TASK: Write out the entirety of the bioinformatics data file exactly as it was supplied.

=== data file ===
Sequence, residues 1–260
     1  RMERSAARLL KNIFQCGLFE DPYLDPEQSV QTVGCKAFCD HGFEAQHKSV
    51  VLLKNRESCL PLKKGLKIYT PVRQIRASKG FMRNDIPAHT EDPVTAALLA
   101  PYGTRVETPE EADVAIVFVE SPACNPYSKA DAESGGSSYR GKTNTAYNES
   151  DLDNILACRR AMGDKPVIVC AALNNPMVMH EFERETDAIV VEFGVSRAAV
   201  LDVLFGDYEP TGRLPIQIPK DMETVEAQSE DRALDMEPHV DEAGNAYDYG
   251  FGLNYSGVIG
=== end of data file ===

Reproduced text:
Sequence, residues 1–260
     1  RMERSAARLL KNIFQCGLFE DPYLDPEQSV QTVGCKAFCD HGFEAQHKSV
    51  VLLKNRESCL PLKKGLKIYT PVRQIRASKG FMRNDIPAHT EDPVTAALLA
   101  PYGTRVETPE EADVAIVFVE SPACNPYSKA DAESGGSSYR GKTNTAYNES
   151  DLDNILACRR AMGDKPVIVC AALNNPMVMH EFERETDAIV VEFGVSRAAV
   201  LDVLFGDYEP TGRLPIQIPK DMETVEAQSE DRALDMEPHV DEAGNAYDYG
   251  FGLNYSGVIG